But what is in dispute is the extent to which these conditions were because of, not in spite of, the very tax and monetary policies that Austrian Schoolers are chomping at the bit to reinstitute.

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But in focusing on those bad conditions, Sumner makes a common mistake. He is comparing those conditions to conditions in which we live today or at least to some sort of ideal economic utopia. In doing that, he misses the important point, which is this: What were conditions for ordinary people prior to the Industrial Revolution? Answer: As Hobbes put it, life was nasty, brutish, and short — that is, much, much worse than it was in 1880 America.

True to Austrian School tradition, what Mr. Hornberger is counting on his readers to remain blissfully ignorant of is (a) the alarming extent to which life for the average landless wage-earner continued to be “nasty, brutish, and short” precisely where wealth was most abundant, and (b) the extent to which these horrid economic conditions were the direct result of both the pro-land speculation tax system and deflationary “gold standard” he and his fellow Austrian Schoolers routinely endorse.

But don’t take my word for it, nor the contrary word of some Austrian School ideologue blabbing about how wonderful things were back then. Read what a highly respected author who actually lived in 1880, and who observed the socioeconomic conditions of that era first hand, had to say on the matter:

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“I hold, and I think no one who looks at the facts can fail to see, that poverty is utterly unnecessary. It is not by the decree of the Almighty, but it is because of our own injustice, our own selfishness, our own ignorance, that this scourge, worse than any pestilence, ravages our civilisation, bringing want and suffering and degradation, destroying souls as well as bodies. Look over the world, in this heyday of nineteenth century civilisation. In every civilised country under the sun you will find men and women whose condition is worse than that of the savage: men and women and little children with whom the veriest savage could not afford to exchange. Even in this new city of yours with virgin soil around you, you have had this winter to institute a relief society. Your roads have been filled with tramps, fifteen, I am told, at one time taking shelter in a round-house here. As here, so everywhere; and poverty is deepest where wealth most abounds.

“What more unnatural than this? There is nothing in nature like this poverty which to-day curses us. We see rapine in nature; we see one species destroying another; but as a general thing animals do not feed on their own kind; and, wherever we see one kind enjoying plenty, all creatures of that kind share it. No man, I think, ever saw a herd of buffalo, of which a few were fat and the great majority lean. No man ever saw a flock of birds, of which two or three were swimming in grease and the others all skin and bone. Nor in savage life is there anything like the poverty that festers in our civilisation.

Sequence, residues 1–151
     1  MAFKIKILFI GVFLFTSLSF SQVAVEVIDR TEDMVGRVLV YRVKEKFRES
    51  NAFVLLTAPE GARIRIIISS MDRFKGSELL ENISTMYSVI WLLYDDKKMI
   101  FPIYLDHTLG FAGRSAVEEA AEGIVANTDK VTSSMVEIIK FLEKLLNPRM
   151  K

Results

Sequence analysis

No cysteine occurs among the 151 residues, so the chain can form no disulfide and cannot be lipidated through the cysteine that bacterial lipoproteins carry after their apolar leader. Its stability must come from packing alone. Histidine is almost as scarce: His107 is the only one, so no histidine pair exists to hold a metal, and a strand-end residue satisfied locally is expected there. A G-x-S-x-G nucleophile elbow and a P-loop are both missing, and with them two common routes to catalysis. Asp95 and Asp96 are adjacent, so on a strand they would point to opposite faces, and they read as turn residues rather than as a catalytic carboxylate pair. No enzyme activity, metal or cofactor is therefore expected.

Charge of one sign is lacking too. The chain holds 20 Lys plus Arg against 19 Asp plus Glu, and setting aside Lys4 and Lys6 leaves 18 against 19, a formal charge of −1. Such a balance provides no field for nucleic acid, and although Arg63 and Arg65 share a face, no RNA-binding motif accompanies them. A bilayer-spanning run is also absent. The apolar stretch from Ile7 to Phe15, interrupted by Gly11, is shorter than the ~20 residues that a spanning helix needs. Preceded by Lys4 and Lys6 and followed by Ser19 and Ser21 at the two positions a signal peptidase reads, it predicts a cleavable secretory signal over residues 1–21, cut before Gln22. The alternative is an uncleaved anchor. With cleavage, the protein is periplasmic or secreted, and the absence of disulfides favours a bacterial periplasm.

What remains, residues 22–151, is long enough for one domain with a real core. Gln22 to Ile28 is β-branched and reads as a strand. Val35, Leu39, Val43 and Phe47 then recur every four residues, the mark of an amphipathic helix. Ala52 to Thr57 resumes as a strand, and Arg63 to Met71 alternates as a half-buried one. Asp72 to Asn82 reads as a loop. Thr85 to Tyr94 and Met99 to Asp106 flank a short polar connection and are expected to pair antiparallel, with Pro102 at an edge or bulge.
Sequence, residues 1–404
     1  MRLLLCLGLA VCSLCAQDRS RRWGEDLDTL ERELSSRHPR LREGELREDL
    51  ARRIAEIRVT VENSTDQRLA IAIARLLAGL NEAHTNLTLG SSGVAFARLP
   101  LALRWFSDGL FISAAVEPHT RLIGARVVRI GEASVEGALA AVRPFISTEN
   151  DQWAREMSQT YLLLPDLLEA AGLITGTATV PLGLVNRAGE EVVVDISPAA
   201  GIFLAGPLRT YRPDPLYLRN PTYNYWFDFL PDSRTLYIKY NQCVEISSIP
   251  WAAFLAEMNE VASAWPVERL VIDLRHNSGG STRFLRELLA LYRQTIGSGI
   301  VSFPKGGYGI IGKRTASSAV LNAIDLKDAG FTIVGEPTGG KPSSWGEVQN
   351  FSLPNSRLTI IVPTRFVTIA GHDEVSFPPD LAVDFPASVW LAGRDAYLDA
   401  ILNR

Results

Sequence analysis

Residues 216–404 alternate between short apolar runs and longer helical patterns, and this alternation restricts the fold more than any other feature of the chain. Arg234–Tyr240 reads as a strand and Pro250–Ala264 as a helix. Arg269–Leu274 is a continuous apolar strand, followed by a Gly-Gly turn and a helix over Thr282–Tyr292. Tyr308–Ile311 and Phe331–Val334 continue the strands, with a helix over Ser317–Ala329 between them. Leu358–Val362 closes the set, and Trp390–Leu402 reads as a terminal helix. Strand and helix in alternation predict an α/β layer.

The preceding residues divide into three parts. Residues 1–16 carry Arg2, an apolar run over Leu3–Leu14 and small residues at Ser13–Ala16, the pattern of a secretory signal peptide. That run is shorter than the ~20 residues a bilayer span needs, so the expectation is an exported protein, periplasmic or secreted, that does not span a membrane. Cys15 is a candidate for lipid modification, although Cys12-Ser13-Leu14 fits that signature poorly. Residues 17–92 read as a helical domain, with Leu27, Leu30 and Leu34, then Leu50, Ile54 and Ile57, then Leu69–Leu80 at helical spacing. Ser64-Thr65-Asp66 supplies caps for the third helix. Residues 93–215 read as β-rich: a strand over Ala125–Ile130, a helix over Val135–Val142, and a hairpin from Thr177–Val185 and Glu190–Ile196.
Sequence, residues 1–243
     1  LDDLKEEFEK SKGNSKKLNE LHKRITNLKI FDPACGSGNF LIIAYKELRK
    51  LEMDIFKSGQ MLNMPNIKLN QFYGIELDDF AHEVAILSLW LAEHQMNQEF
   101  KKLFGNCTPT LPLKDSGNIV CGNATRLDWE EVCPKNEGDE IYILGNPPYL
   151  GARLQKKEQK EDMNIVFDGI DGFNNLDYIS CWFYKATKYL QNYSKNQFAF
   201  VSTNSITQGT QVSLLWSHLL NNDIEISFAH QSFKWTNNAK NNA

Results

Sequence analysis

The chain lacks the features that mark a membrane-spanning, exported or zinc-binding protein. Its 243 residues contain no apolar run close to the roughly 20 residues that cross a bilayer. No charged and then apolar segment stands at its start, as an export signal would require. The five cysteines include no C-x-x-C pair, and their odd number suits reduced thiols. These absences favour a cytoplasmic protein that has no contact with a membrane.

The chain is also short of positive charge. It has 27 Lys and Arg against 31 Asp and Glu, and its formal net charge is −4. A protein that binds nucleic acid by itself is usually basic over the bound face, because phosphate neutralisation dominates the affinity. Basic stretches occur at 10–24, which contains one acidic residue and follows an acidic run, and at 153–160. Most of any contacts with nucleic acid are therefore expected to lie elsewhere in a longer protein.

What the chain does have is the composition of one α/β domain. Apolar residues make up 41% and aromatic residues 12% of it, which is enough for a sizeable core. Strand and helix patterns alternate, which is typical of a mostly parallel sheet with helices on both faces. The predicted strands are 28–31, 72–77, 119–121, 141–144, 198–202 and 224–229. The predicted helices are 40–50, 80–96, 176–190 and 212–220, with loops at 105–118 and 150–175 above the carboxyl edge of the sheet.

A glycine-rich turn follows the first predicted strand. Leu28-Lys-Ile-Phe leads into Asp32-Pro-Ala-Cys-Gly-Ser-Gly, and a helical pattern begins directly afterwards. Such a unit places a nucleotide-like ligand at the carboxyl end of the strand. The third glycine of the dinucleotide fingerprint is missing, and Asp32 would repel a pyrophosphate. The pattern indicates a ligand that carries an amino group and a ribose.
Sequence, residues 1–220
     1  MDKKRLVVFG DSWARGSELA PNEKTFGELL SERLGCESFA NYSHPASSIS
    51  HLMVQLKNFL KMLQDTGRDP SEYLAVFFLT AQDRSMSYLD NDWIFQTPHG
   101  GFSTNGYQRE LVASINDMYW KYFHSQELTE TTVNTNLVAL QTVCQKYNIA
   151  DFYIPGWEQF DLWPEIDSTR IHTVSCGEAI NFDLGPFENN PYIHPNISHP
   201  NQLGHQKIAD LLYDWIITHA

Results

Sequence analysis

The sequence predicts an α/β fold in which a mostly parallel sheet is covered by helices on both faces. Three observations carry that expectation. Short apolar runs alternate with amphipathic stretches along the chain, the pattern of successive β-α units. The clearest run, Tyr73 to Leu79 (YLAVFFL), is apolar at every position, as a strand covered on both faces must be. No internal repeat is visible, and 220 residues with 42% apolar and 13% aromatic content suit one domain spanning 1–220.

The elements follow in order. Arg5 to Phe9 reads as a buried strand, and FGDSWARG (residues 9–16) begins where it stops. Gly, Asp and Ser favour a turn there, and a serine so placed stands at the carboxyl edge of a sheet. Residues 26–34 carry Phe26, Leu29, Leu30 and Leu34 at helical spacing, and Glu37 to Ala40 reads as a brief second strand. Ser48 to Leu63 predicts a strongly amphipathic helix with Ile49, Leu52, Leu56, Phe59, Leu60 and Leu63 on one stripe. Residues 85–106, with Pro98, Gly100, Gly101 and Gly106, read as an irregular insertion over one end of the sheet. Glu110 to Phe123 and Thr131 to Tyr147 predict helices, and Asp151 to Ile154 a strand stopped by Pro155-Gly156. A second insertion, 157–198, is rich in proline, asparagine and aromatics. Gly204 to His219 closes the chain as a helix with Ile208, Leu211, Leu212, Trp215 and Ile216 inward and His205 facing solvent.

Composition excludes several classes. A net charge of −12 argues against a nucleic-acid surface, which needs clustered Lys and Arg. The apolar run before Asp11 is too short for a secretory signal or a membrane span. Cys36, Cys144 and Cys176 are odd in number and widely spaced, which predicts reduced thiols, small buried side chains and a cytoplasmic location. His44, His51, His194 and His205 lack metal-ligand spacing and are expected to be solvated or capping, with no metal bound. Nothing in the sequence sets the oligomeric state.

“In a rude state of society there are seasons of want, seasons when people starve; but they are seasons when the earth has refused to yield her increase, when the rain has not fallen from the heavens, or when the land has been swept by some foe--not when there is plenty. And yet the peculiar characteristic of this modern poverty of ours is that it is deepest where wealth most abounds….

“I read in the New York papers a while ago that the girls at the Yonkers factories had struck. The papers said that the girls did not seem to know why they had struck, and intimated that it must be just for the fun of striking. Then came out the girls' side of the story and it appeared that they had struck against the rules in force. They were fined if they spoke to one another, and they were fined still more heavily if they laughed. There was a heavy fine for being a minute late. I visited a lady in Philadelphia who had been a forewoman in various factories, and I asked her, ‘Is it possible that such rules are enforced?’ She said it was so in Philadelphia. There is a fine for speaking to your next neighbour, a fine for laughing; and she told me that the girls in one place where she was employed were fined ten cents a minute for being late, though many of them had to come for miles in winter storms. She told me of one poor girl who really worked hard one week and made $3.50; but the fines against her were $5.25. That seems ridiculous; it is ridiculous, but it is pathetic and it is shameful.

“But take the cases of those even who are comparatively independent and well off. Here is a man working hour after hour, day after day, week after week, in doing one thing over and over again, and for what? Just to live! He is working ten hours a day in order that he may sleep eight and may have two or three hours for himself when he is tired out and all his faculties are exhausted. That is not a reasonable life; that is not a life for a being possessed of the powers that are in man, and I think every man must have felt it for himself. I know that when I first went to my trade I thought to myself that it was incredible that a man was created to work all day long just to live. I used to read the Scientific American, and as invention after invention was heralded in that paper I used to think to myself that when I became a man it would not be necessary to work so hard. But on the contrary, the struggle for existence has become more and more intense. People who want to prove the contrary get up masses of statistics to show that the condition of the working classes is improving. Improvement that you have to take a statistical microscope to discover does not amount to anything. But there is not improvement….